The accelerated failure time model (AFT) is a statistical analysis method used to model the time until an event of interest occurs. The AFT model finds an association between the response variable with the survival timing. In this case, the response variable is found by taking the logarithm of the survival time, and it contains an error term, that follows a particular probability distribution.
Uses in Various Fields
It is widely used in reliability engineering and survival analysis to estimate the time it takes for a product or machine to fail. AFT assumes that the logarithm of the survival time is proportional to some linear combination of the predictors. This means that the predictors have a constant effect on the survival time, and that a change in any predictor will result in a proportional change in the survival time.
There are several advantages to using the AFT model over other survival analysis methods. For one, AFT can handle large datasets and is relatively easy to interpret. Additionally, AFT allows for the direct interpretation of the regression coefficients, as they reflect the log of the hazard ratio (HR) for each predictor. This can be particularly useful when comparing two groups or when interpreting the effect of a given predictor. One common application of the AFT model is in the analysis of clinical trials. By modelling the time until a patient experiences an event of interest (such as disease relapse or death), researchers can gain insights into the effectiveness of a particular treatment or intervention. In addition, AFT can be used to explore the effect of different risk factors on survival outcomes. Overall, the AFT model is a powerful statistical tool that can help researchers better understand the underlying factors that impact the time until an event of interest occurs. With its ability to handle large datasets and provide direct interpretation of regression coefficients, it is a valuable addition to the researcher’s toolkit.
Assumptions of the Model
One of the important assumptions of the model is that the effect of covariates acts proportionally or multiplicatively as relative to the survival time. Thus, it can be looked upon as a general model for data consisting of survival times, in which explanatory variables measured on an individual are assumed to act multiplicatively on the time scale, and so affect the rate at which the individual proceeds along the time axis. Consequently, the model can be interpreted in terms of the speed of progression of a disease.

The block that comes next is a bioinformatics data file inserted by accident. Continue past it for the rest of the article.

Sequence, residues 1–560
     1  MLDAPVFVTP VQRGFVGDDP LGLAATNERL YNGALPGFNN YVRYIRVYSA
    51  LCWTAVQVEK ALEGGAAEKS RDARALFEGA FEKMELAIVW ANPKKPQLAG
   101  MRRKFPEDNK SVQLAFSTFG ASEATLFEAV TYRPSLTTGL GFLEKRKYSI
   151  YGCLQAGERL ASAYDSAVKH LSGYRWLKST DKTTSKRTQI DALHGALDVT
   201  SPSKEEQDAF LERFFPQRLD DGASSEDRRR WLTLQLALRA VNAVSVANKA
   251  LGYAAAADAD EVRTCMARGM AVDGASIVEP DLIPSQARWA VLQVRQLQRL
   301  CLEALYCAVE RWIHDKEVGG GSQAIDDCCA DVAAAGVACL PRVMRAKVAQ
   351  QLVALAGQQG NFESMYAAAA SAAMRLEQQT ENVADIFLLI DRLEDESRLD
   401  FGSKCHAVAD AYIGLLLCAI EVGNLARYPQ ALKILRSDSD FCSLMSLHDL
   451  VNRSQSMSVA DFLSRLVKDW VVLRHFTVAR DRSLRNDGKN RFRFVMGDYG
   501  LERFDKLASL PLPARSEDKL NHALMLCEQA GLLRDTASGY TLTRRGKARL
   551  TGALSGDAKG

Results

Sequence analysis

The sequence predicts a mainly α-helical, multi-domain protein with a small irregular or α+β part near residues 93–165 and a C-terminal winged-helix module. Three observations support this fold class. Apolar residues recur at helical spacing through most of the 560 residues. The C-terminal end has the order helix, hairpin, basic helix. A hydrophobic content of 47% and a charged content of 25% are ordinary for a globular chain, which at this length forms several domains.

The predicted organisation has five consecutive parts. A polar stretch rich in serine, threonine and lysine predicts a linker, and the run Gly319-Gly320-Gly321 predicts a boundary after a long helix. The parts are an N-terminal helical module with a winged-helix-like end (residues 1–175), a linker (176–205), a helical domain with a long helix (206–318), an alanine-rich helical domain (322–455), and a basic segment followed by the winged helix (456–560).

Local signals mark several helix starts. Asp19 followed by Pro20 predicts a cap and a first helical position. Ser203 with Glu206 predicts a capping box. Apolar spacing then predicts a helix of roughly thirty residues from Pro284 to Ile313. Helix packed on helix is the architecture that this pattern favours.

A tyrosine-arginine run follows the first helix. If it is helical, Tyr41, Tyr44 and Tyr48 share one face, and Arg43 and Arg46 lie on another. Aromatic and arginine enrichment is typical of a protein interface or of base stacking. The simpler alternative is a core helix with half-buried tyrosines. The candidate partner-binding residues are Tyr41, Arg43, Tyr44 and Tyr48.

In the simplest case of comparing two groups of patients, for example, those receiving treatment A and those receiving treatment B, this model assume that the survival time of an individual on one treatment is a multiple of the survival time on the other treatment; as a result, the probability that an individual on treatment A survives beyond time t is the probability that an individual on treatment B survives beyond time 0t, where 0 is an unknown positive constant. When the end point of interest is the death of a patient, values of 0 less than 1 correspond to an acceleration in the time of death of an individual assigned to treatment A, and values of 0 greater than 1 indicate the reverse. The parameter 0 is known as the acceleration factor. This model provides an alternative to the proportional hazard models, assuming that the covariate in the model either accelerates or decelerates the disease life course by a certain constant. This model is generally applied in cases when the disease is the result of a certain mechanical process, with a defined sequence of intermediary stages.